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By Prak Chan Thul
PHNOM PENH (Reuters) - Cambodia ordered the U.S.-funded National Democratic Institute to stop activities and remove foreign staff on Wednesday in the latest move by Prime Minister Hun Sen's government against American interests ahead of elections next year.
In response to the order against the pro-democracy group and a day after a government threat to close a newspaper founded by an American journalist, the U.S. Embassy in Phnom Penh issued a statement titled: "Is Cambodia Committed to Democracy?"
Growing anti-Western sentiment from Hun Sen comes amid increasing tension ahead of elections next year in which he is expected to try to extend more than three decades in power.
Cambodia's foreign ministry accused the NDI of operating without registering and said foreign staff had seven days to leave. Authorities were "geared up to take the same measures" against other foreign NGOs which fail to comply with the law, the ministry added.
The NDI says it works with political parties, governments and civic groups to "establish and strengthen democratic institutions." It did not respond to a request for comment.
The U.S. Embassy described the group as impartial and said it had been working in Cambodia since 1992 with major parties including the ruling Cambodian People's Party (CPP).
"The decision to shut down the NDI raises a fundamental question: Is the Cambodian government committed to democracy? Share your views below!" the embassy said on its Facebook page.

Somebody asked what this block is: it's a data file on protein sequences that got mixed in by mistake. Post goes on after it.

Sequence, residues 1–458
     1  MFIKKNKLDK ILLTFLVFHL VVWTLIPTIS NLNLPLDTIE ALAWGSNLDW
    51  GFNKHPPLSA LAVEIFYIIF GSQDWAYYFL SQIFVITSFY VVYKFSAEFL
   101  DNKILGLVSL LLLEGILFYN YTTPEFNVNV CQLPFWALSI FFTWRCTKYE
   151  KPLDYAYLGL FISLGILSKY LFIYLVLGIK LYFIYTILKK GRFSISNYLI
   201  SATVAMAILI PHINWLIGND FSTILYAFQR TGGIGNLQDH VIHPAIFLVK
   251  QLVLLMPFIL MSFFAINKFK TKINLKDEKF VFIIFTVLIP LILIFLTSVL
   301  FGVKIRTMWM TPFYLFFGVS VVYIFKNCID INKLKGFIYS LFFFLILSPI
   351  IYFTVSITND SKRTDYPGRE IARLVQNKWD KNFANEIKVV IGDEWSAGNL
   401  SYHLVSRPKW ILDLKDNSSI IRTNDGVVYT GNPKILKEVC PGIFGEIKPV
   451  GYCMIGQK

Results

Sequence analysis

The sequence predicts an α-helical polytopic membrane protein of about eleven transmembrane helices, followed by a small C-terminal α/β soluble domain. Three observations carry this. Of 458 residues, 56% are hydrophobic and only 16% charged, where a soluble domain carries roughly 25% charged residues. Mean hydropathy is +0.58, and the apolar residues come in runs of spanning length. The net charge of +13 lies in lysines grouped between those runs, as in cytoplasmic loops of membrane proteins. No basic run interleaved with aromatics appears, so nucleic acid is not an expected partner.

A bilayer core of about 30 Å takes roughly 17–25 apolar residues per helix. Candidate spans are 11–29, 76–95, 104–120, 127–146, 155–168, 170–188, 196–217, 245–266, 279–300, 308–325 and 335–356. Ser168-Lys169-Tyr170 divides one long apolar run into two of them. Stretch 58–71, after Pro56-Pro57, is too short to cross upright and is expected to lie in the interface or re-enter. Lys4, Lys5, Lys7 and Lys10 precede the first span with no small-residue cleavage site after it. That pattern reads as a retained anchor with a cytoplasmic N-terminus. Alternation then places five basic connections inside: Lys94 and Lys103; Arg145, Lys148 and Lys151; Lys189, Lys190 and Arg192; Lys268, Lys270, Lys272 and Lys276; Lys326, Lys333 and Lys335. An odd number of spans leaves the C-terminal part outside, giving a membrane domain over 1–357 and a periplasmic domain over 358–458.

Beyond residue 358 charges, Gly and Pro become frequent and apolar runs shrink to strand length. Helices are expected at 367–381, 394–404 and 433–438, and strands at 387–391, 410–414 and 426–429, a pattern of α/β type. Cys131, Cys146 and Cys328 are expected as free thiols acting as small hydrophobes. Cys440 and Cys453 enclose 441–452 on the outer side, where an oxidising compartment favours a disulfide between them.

Of more than 280 comments in English and Khmer, the majority - though far from all - were critical of the decision.
Hun Sen, a former Khmer Rouge guerrilla who is now one of China's closest allies, has ratched up steps against the United States this year from ending joint military exercises to demanding forgiveness of war-era debt from the 1970s.
On Tuesday, he ordered the English-language The Cambodia Daily newspaper to pay taxes accrued over the past decade or face closure. The paper was founded by an American.
He also lashed out at the United States and non-governmental organizations and accused them of funding groups attempting to overthrow his government.
The opposition has accused Hun Sen and his party of a crackdown on critics and last week a U.N. human rights envoy said Cambodia "appeared to be approaching a precipice".
ASEAN Parliamentarians for Human Rights said the NDI had not been given adequate opportunity to respond to the accusations against it and the order to close was worrying in the context of increasing repression of freedom of expression.
"(It) hints at continued attempts by the ruling party to consolidate power ahead of next year's national elections," group Chair Charles Santiago said.
The Overseas Press Club of Cambodia noted that The Cambodia Daily had a history of running stories that have angered the government.
(Editing by Matthew Tostevin)